From Toyota Motors in the 1980s and 1990s, to HSBC today, many organizations are implementing global structural changes that mean from the customer to the CEO there are no more than eight layers of people. With fewer layers of hierarchy comes the promise of swifter decision making and leaders being closer to their customers.
Any initiative that engages frontline workers in improving processes is likely to reap dividends, and is an essential part of the toolkit for today’s leaders.
Many leaders talk about agility and trying and failing fast, but very few have the courage to embrace it. For example, if they’re going to empower their frontline workers to use their knowledge to improve the processes they are working with, not everything will work first time. Leaders and teams need to learn to accept that failure. But the same is true of a major change in direction or new product – not everything will fly.
Virgin’s Richard Branson talks about accepting failure as a valid part of business life. He says: “Even when something goes wrong, we continue to search for new opportunities.”
The great thing about failing is that it can help in many ways. When viewed through the lens of analysis and feedback, it can clarify the right (or better) way to go forward – moving us closer to success. It also teaches us to take responsibility.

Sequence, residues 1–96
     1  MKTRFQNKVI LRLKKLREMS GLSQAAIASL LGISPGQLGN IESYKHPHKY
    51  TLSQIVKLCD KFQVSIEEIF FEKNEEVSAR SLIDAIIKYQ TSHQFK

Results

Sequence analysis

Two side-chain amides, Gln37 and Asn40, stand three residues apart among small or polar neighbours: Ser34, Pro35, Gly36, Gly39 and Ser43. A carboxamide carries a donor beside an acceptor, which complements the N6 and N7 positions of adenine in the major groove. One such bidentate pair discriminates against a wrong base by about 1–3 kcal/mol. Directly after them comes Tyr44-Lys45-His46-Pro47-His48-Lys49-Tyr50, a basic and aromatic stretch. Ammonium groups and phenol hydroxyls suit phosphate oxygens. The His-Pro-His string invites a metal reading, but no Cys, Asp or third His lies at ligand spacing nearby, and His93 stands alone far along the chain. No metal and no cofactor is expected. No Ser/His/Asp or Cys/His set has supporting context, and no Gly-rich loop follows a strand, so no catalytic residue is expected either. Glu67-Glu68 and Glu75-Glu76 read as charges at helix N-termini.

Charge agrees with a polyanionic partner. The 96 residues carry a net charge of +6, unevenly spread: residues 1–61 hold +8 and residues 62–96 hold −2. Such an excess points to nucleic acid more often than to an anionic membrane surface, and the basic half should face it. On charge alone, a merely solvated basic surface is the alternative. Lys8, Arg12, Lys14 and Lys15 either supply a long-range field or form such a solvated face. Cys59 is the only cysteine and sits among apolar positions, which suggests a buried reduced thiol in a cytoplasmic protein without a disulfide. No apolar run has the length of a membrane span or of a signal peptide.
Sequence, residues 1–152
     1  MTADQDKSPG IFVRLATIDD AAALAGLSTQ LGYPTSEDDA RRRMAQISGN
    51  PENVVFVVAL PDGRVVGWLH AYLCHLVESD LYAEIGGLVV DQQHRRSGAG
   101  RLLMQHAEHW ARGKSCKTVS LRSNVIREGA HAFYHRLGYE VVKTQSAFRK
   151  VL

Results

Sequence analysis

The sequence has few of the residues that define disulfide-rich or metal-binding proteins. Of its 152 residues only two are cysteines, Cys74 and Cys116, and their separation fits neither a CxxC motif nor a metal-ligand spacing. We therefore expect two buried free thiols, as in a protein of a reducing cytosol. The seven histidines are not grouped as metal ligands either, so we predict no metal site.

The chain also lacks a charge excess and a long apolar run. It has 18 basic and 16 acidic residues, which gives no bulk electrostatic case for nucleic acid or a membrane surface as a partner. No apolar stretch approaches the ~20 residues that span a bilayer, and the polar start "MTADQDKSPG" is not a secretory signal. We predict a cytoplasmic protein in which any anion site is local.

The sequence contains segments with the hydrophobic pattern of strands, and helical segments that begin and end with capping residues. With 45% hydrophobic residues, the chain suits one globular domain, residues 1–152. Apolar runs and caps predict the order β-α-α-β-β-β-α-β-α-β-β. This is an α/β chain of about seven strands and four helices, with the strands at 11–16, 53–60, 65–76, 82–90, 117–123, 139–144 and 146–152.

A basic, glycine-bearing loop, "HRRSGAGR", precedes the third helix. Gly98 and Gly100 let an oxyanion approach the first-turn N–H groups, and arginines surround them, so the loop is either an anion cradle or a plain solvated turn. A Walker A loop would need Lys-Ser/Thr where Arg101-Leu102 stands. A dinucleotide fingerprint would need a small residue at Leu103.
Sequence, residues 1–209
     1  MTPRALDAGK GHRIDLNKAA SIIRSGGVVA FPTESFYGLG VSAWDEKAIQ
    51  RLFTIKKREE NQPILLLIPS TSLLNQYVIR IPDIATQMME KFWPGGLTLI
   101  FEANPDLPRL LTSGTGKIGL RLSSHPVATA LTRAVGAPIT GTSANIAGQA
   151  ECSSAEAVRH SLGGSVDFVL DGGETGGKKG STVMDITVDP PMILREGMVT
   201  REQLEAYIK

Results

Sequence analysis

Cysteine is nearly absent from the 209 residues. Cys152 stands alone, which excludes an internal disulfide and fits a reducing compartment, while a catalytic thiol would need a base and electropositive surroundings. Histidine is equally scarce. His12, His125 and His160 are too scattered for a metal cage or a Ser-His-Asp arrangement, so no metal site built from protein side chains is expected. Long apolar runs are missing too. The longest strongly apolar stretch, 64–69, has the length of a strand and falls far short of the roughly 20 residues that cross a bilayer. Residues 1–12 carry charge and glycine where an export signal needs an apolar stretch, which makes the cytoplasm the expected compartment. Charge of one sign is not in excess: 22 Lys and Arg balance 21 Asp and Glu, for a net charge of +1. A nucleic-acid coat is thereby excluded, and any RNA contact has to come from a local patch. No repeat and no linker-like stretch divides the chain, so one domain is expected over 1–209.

We can now measure so much that we rarely trust our gut instinct. Even market research is sometimes used as a prop that absolves us of the requirement to innovate.
But pure free-flowing listening can be wildly instructive. Decades ago Charles R. Schwab took this to an extreme by spending all of his time with his customers finding out, through conversation, what they wanted. This insight enabled him to build one of the world’s biggest financial intermediaries.
Schwab said recently: “We have the right kind of client-relationship people who really have the interests of the client at hand first – not second, but first. We are willing to risk short-term revenue to do the right thing for the customer and ensure long-term success.”
Similarly Carolyn McCall, CEO at budget European airline Easyjet, explains the business’s recent success is down to listening to customers and delivering what they wanted. This included seat reservations, honesty when planes run late via a mobile app, and staff who smiled and were helpful. When she flies she also canvasses flight crews on improvements they would like to see.
Since McCall took over in 2010, Easyjets’ profits rose 10-fold and its share price tripled.